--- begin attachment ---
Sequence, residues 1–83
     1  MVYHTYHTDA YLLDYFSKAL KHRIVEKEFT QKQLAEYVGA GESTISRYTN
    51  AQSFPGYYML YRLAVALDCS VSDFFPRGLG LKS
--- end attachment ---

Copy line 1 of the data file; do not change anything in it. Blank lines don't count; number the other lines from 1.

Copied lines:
Sequence, residues 1–83